My teams recommendations were fairly rudimentary: The development of a formal IT organizational structure, definition of an IT strategy, stabilization of the network
and a more structured approach to processes, personnel roles and responsibilities. We also provided best practices relative to newspaper publishing and profiled
a number of the major workflow package providers for newspapers.
This was one of my most interesting projects and to spend that much time in Hong Kong was also a bonus. At the time (1998), the transfer of power from the UK to China was still in its early days and there was hope and expectation that 'one country, two systems' was doable. Just over 20 years later and that hope is gone.

Monday, August 17, 2020

Pirated Broadcast Content Worth $1Billion or More - Report

In a new report undertaken by Digital Citizens Alliance suggests that the value of stolen digital content broadcast which is 'resold' as pirated subscriptions to consumers exceeds $1Billion.  This report looks at the infrastructure that supports this 'business' and the revenues and profit margins that can be generated.  Here are some of the primary conclusions:
  • Conservatively, pirate subscription IPTV services generate subscription revenues of $1 billion annually in the U.S. alone, even excluding the sale of pirate streaming devices used to receive the content; 
  • Because the providers of these services pay nothing for the programming that makes up their core product, they operate with estimated profit margins that range from 56 percent (retailers) to 85 percent (wholesalers). 
  • An estimated 9 million fixed broadband subscribers in the U.S. use a pirate subscription IPTV service; 
  • At least 3,500 storefront websites, social media pages, and stores within online marketplaces sell pirate subscription IPTV services to the U.S. market;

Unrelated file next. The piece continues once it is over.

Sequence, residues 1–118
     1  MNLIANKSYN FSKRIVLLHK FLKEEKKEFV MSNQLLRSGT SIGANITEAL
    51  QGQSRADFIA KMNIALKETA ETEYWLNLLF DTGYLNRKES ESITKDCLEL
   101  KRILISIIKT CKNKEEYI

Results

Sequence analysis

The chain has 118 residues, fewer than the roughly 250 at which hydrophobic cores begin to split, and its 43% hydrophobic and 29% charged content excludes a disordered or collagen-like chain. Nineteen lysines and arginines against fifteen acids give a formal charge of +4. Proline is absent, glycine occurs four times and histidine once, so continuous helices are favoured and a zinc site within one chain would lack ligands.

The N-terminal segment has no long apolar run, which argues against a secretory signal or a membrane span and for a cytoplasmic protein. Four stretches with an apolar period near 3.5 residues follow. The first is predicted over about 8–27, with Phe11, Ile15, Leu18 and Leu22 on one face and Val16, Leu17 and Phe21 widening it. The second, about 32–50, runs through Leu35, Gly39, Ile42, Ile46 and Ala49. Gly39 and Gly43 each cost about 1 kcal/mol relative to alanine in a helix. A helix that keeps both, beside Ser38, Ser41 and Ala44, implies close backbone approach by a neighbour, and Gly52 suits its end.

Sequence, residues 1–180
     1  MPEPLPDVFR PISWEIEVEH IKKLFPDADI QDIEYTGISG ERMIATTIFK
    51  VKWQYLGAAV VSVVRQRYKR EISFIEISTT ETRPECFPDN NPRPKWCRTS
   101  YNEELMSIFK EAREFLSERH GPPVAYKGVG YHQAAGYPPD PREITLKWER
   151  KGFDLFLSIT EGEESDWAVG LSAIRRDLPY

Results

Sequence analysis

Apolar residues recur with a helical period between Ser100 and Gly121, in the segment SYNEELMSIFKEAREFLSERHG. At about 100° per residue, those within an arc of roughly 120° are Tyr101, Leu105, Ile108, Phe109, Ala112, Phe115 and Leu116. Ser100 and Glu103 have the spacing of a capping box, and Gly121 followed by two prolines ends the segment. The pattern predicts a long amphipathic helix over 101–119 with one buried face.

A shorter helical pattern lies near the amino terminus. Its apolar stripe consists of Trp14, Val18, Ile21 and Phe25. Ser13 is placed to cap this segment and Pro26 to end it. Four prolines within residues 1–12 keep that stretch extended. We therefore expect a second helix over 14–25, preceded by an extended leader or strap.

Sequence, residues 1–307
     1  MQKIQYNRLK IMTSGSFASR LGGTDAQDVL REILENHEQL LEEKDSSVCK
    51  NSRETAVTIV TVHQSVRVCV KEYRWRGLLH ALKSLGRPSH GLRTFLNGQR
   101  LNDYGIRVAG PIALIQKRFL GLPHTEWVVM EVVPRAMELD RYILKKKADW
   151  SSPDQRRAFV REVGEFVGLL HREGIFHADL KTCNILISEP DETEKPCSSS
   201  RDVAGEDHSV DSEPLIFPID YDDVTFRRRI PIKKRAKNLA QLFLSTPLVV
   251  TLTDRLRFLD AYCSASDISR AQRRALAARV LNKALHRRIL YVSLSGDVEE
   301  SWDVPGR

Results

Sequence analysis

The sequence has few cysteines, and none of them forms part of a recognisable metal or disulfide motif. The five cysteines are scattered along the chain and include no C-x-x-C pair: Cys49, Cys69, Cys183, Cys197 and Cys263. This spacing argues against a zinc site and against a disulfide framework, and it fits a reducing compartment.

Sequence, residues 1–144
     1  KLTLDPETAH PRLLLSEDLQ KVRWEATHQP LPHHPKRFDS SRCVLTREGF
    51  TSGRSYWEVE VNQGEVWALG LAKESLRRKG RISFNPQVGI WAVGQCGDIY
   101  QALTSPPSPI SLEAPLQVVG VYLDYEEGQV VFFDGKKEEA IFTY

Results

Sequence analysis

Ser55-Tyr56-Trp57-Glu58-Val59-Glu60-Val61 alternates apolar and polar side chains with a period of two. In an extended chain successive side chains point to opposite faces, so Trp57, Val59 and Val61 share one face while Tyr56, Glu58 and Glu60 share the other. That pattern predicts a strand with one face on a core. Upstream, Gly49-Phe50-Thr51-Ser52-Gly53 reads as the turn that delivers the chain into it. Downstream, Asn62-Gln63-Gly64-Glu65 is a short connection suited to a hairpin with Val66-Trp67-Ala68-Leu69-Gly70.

• An ecosystem has emerged around such services, including wholesalers that provide turnkey technology, and retailers that offer the stolen content to the public; and 
  • The ecosystem also depends upon legitimate players, including hosting services, payment processors, and social media. The extent to which these legitimate players are aware of their role is a subject of debate

Wednesday, August 12, 2020

Pew Research into Digital Innovation 2030

A really interesting set of predictions expressing how digital innovation with change over the next ten years to 2030.  Pew interview/surveyed a set of digital experts and found,
A majority expect significant reforms aimed at correcting problems in democratic institutions and representation will take place in the next decade. Many say this will result in positive outcomes for the public good; others are less convinced.

The full article is worth a read but here are two snips of interest:

Monday, August 10, 2020

Digitial First Textbooks - My Interview with CCC's Beyond the Book

As print textbooks eventually do give way to courseware, industry analyst Michael Cairns says, college professors, administrators and students will appreciate an education delivered in 21st century models.  Listen to the Audio here

While it has long been foretold that the print textbook would disappear, the revolution has actually taken quite a bit longer than people anticipated.

As print textbooks eventually do give way to courseware, industry analyst Michael Cairns says, college professors, administrators and students will appreciate an education delivered in 21st century models.

“Textbooks served a tremendous benefit and purpose for the last 200 years or more and were quite useful in the marketplace,” he tells CCC’s Chris Kenneally.